I grew up on kohlrabi, on Friday nights while my father sang the songs that welcomed in the Shabbat, my mother was never comfortable if her hands’ weren’t active. Would sit behind him, humming along, while she diligently peeled kohlrabi with a paring knife and proceeded to cut it into paper-thin slices. She would then lightly salt the sliced kohlrabi from the salt cellar that was sitting waiting in anticipation to be used on the challah. The kohlrabi would marinate in its salt for a few minutes until kiddush, hand washing, and challah eating was done. And then as my mother served the soup she would offer my father the plate of thinly sliced kohlrabi and with each mouth full of soup he would dip the kohlrabi and take a bite.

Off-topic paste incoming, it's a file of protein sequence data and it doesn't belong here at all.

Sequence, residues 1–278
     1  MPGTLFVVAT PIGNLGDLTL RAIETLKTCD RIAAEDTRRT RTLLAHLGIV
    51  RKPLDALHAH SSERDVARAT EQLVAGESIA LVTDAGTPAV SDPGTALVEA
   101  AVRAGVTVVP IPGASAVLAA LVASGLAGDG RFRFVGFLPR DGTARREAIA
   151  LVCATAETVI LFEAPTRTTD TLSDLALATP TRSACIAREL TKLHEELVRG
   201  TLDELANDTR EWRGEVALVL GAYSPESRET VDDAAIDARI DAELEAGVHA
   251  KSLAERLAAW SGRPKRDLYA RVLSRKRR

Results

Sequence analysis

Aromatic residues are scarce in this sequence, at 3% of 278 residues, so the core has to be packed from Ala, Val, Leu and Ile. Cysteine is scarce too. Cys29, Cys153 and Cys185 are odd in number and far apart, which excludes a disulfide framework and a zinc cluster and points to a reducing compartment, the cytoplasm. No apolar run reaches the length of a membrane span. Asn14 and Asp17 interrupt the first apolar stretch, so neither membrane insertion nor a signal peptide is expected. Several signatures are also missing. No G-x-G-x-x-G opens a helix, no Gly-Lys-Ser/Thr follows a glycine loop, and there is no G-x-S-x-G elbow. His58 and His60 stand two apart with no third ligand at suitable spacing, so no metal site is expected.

To me kohlrabi isn’t just the Friday night scene it is all about my strong connections to my fathers Eastern European heritage, thus the introduction of caraway seeds to our quick pickled red onions.

Fresh kohlrabi is at its best 5-30 minutes after they are sliced, after that, they lose their assertive bite, so best to make this salad and serve it as close to mealtime as possible.

  • 1 very small red onion, peeled and very thinly sliced
  • 3 tablespoons apple cider vinegar
  • ½ teaspoon caraway seeds
  • 3 medium (about 700g) Kohlrabi
  • 3 tablespoons olive oil
  • Flaky sea salt
  1. Place the thinly sliced red onion in a small bowl along with the vinegar and caraway seeds, allow it to sit for 10 minutes, so the onion has quick pickling. Every few minutes give the onions a stir to ensure that all the onions are in contact with the vinegar.
  2. While the onions pickle, peel the tough skin off the kohlrabi, slice into ½ cm (¼ inch) slices. Stack up 5 or 6 slices like you would a deck of cards and then slice again into thin batons.
  3. Place the kohlrabi in a wide shallow serving dish, spoon the onion pickle on top, and sprinkle with flaky sea salt. Let the salad sit for 5 minutes before serving.